We’ve been poking at the dumpster fire inside League of Legends company Riot Games ever since 2018, when Kotaku’s expose of workplace conditions was followed by an employee walkout, multiple lawsuits, and that eternal story about the company VP who repeatedly grabbed subordinates’ balls was given a slap on the wrist, my favorite anecdote for reminding us that sexual harassment and discrimination affects everyone.
Along the way, Riot Games offered a mere $10M settlement to the plaintiffs, but the plaintiffs backed out and added a new attorney, at the urging of California’s DFEH and DLSE, which thought they should receive as much as $400M. That drove the suit back to arbitration, alongside California’s separate enforcement suit against the company; as recently as last summer, these suits were still ongoing, as California had accused Riot Games of retaliating against workers, as well as “equal pay violations, gender/sex discrimination, [and] sexual harassment.”
But now, there’s been a new settlement, as late last night the attorneys for the class-action plaintiffs declared victory: Riot Games has agreed to a $100M settlement “plus substantial systemic changes that will make the game developer’s workplace more equitable for all current and future female employees and applicants.”
“We appreciate Riot’s introspection and work since 2018 toward becoming a more diverse and inclusive company, its willingness to take responsibility for its past, and its commitment to fairness and equality in the future,” counsel Genie Harrison said in the press release. “Along with the DFEH and DLSE, the brave women of Riot who carried the torch of justice have achieved a precedent-setting result that stands as a beacon for other women and as a warning that employers had better pay and treat women fairly, or else be held accountable.”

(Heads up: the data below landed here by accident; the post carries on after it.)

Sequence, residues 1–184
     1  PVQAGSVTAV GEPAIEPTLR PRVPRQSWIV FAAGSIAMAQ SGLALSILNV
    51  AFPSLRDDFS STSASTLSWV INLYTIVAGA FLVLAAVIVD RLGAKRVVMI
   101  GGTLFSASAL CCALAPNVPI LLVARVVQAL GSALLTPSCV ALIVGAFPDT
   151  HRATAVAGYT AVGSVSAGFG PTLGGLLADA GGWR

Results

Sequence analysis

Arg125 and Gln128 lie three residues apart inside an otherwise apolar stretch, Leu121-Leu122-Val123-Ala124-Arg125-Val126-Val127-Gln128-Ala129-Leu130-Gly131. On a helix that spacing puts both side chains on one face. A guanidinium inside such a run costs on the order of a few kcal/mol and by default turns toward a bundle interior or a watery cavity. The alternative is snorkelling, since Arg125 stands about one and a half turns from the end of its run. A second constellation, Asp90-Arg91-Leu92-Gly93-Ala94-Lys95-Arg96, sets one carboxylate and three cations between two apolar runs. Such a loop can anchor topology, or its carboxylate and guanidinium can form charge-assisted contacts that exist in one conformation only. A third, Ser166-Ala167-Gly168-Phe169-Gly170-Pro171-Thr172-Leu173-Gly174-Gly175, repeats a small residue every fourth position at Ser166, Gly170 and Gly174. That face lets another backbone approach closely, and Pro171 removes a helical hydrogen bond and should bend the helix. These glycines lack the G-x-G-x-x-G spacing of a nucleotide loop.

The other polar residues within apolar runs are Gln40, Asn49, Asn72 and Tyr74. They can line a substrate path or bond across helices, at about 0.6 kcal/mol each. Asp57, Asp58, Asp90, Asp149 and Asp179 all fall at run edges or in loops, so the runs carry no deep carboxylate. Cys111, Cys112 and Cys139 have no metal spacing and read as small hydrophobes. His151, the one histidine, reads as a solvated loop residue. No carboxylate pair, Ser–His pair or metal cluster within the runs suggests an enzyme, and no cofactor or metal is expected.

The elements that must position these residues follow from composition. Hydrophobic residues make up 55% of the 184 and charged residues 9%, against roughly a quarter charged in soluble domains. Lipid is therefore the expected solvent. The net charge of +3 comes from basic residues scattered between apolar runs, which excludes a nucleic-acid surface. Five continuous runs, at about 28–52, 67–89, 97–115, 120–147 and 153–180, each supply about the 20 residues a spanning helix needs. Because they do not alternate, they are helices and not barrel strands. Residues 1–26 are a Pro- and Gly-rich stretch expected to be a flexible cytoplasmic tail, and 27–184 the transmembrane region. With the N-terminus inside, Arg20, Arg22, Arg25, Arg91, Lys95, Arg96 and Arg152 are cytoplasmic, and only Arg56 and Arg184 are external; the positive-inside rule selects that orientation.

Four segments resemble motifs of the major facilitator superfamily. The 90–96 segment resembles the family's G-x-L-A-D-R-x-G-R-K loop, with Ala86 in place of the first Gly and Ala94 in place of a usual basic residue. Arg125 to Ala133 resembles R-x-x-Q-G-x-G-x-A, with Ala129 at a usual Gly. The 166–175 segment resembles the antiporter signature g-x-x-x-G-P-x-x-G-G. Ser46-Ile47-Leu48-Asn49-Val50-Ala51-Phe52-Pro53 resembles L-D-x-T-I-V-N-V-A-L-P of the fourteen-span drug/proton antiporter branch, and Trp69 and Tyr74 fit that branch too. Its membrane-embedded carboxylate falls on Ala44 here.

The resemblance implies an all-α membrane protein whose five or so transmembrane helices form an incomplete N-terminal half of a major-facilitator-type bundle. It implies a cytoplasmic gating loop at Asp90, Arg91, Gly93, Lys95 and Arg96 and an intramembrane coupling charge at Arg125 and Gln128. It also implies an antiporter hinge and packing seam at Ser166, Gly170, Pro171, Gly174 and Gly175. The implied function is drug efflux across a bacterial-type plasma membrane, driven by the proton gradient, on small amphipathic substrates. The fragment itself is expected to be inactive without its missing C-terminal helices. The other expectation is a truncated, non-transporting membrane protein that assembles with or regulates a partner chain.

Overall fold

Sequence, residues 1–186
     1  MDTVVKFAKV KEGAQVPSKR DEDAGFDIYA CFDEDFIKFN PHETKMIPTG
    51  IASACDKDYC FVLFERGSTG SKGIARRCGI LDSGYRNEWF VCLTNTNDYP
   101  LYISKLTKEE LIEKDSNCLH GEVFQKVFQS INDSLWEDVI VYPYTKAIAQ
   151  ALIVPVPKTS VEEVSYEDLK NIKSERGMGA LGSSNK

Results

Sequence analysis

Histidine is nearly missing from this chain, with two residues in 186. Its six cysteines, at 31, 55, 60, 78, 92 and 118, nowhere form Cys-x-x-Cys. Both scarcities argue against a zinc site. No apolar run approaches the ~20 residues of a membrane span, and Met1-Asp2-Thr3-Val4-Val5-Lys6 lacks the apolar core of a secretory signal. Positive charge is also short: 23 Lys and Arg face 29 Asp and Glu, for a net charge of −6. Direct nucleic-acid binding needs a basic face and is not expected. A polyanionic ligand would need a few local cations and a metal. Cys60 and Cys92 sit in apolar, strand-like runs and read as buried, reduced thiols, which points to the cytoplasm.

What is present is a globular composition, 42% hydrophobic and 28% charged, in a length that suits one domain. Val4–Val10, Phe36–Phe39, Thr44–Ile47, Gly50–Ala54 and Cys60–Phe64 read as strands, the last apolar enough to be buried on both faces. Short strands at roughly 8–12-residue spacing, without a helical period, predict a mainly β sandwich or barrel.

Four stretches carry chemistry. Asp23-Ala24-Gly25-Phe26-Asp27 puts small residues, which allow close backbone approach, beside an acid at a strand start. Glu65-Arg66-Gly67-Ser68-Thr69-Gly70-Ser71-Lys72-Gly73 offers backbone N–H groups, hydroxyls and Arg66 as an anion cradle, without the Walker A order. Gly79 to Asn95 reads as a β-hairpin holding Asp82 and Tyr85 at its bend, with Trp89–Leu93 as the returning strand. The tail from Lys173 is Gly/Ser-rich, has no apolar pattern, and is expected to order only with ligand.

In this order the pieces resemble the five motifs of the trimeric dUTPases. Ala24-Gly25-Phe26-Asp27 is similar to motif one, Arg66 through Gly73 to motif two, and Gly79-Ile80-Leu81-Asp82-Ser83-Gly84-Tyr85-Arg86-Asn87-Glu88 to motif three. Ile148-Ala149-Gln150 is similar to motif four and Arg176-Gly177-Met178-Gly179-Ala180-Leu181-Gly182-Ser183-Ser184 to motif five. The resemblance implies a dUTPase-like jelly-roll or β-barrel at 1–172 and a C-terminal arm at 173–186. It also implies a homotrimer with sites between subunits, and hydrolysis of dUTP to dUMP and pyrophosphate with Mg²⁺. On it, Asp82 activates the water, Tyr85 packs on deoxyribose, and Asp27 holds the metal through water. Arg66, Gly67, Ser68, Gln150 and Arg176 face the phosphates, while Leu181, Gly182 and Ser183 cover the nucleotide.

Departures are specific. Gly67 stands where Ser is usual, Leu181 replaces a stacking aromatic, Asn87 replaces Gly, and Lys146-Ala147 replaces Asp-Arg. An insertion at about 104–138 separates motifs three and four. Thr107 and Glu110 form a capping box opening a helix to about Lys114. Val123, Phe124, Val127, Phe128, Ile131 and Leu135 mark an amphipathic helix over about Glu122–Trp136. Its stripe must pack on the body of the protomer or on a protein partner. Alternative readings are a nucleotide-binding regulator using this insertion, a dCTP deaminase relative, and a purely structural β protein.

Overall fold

According to Harrison, Riot agreed to provide pay transparency, efforts toward reducing bias in hiring, third-party gender auditing of “compensation, assignment, and promotion outcomes,” and an additional $18M in funds for “temporary agency contractor recruitment, selection, and hiring opportunities, policy and procedure improvements” and monitoring of that mouthful of words too.
For reference, League of Legends all by itself brought in $1.75B just in 2020 alone. The New York Times notes that the $80M in winnings (the other part is reserved for attorney fees) will be distributed to more than 2000 workers, past and present.
Riot CEO Nicolo Laurent, who is himself still being sued personally by the former executive assistant who alleges that he sexually harassed her, told Riot staffers yesterday that the timing of the announcement wasn’t “ideal” but that the “final details of the agreement came together quickly.”